---|---|---|---|

PauliNet | SD-SJB | 1 | −76.4281(3) |

Gurtubay and Needs^{30} | SD-SJB | 1 | −76.4034(2) |

Clark et al.^{29} | MD-SJ | 2316 | −76.4259(6) |

Clark et al.^{29} | MD-SJ | 7425 | −76.4289(8) |

## IV. DISCUSSION

We have demonstrated that the choice of the architecture does not introduce fundamental limitations regarding the flexibility of the investigated components of the PauliNet and that a systematic improvement of the accuracy is possible when increasing the number of trainable parameters in a suitable way. Close to exact energies for the corresponding level of theory can be obtained for both the deep orbital correction and the deep Jastrow factor. This highlights the generality and expressiveness of deep QMC—a single *Ansatz* without any problem-specific modifications can be applied to a variety of systems and extended systematically to improve the accuracy without introducing new components to the trial wavefunction architecture. Though the results with the deep orbital correction and the deep Jastrow factor emphasize the potential of the deep QMC approach, the major benefit of deep QMC over FN-DMC calculations remains that it can go beyond the fixed-node approximation by faithfully representing the nodal surface upon introducing many-body correlation at the level of the orbitals. We have outlined this with an exemplary calculation on the water molecule, using a single-determinant instance of the full PauliNet *Ansatz*. The presented analysis paves the way for future investigations on how the full PauliNet *Ansatz* improves the nodes and overcomes the fixed-node limitations.

## ACKNOWLEDGMENTS

We acknowledge funding and support from the European Research Commission (Grant No. ERC CoG 772230), the Berlin Mathematics Research Center MATH+ (Project Nos. AA2-8, EF1-2, and AA2-22), and the German Ministry for Education and Research (Berlin Institute for the Foundations of Learning and Data BIFOLD). J.H. would like to thank K.-R. Müller for support and acknowledge funding from TU Berlin.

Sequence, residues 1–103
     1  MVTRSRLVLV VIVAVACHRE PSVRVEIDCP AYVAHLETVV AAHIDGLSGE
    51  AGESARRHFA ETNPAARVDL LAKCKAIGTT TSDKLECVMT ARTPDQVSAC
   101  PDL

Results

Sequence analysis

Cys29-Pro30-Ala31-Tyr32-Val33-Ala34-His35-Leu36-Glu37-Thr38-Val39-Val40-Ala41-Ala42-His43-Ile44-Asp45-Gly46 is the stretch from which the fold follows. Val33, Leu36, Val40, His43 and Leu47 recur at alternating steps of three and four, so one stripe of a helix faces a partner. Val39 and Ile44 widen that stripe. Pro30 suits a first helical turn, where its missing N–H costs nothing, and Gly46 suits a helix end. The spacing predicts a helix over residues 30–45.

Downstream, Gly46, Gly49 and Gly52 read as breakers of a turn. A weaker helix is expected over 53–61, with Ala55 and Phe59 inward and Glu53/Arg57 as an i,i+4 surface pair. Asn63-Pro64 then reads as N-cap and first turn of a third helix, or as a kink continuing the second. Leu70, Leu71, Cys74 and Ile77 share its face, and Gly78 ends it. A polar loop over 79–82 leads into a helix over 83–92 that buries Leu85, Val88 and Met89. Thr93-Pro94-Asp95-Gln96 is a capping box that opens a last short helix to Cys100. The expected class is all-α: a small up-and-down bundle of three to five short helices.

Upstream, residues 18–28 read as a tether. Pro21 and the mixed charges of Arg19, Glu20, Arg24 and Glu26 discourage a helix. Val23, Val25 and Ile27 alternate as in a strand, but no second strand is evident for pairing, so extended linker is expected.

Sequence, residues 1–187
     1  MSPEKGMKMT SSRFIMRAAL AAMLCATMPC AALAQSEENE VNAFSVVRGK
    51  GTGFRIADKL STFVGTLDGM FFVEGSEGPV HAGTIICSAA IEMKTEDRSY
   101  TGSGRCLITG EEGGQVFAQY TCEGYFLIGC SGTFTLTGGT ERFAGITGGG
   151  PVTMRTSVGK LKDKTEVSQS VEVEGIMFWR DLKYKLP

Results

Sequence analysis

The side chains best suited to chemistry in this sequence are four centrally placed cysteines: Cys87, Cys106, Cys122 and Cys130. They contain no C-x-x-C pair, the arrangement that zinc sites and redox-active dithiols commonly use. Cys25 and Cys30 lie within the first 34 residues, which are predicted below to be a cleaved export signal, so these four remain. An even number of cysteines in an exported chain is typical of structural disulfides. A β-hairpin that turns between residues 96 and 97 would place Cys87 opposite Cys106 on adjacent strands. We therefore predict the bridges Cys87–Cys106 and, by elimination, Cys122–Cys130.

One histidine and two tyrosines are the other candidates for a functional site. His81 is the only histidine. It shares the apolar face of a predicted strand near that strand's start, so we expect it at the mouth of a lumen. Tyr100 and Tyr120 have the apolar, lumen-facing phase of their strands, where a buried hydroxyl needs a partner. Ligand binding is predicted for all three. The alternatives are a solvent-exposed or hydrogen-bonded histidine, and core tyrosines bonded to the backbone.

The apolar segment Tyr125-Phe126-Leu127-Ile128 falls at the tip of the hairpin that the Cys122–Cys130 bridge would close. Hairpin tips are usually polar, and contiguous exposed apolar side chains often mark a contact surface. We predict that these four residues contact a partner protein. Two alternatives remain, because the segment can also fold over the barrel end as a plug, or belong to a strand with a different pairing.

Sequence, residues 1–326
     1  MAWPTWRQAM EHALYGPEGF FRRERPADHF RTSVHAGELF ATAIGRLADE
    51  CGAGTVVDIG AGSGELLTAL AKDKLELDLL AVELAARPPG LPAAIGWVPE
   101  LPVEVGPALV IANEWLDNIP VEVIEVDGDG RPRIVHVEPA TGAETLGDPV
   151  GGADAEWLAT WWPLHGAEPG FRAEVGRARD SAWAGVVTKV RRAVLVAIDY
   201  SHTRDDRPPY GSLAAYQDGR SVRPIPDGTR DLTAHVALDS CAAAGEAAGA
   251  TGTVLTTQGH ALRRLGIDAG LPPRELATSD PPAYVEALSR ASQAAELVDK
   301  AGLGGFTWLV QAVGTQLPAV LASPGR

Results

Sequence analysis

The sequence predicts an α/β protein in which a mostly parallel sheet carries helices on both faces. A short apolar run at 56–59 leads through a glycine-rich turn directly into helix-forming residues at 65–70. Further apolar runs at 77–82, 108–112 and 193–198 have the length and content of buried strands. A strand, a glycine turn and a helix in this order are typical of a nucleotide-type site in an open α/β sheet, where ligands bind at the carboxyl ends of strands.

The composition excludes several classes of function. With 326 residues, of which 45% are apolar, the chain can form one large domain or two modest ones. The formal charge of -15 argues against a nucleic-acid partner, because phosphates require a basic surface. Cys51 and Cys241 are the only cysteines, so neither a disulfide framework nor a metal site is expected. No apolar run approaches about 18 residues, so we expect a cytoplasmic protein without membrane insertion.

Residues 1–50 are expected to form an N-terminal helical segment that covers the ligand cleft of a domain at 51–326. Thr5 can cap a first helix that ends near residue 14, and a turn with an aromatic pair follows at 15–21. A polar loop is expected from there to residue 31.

## DATA AVAILABILITY

The data that support the findings of this study are openly available in http://doi.org/10.6084/m9.figshare.13077158.v3.

### APPENDIX: GRAPH-CONVOLUTIONAL NEURAL-NETWORK ARCHITECTURE

At the core of the PauliNet architecture, a graph-convolutional neural-network generates a permutation-equivariant latent-space many-body representation of a given electron configuration. In the following we give a short introduction to the network architecture, discussing both the general concept and the particular application in the context of PauliNet.

Graph neural networks are constructed to represent functions on graph domains^{34} and have become increasingly popular for modeling chemical systems, as they can be designed to comply with symmetries of molecules.^{35} The graph-convolutional neural network of PauliNet is a modification of SchNet,^{36} an architecture developed to predict molecular properties from atom positions upon being trained in a supervised setting, that is, by repeated exposure to known pairs of input and output data. In SchNet, a trainable embedding is assigned to each atom, which serves to give an abstract representation of the atomic properties in a high-dimensional feature space, and is successively updated to encode information about the atomic environment. The updates are implemented as convolutions over the graph of atomic distances, which makes the architecture invariant to translation and rotation and equivariant with respect to the exchange of identical atoms. The graph convolutions, furthermore, implement parameter sharing across the edges such that the number of network parameters does not depend on the number of interacting entities; hence, it is constant with the system size. The final features are then used to predict the molecular properties, respectively.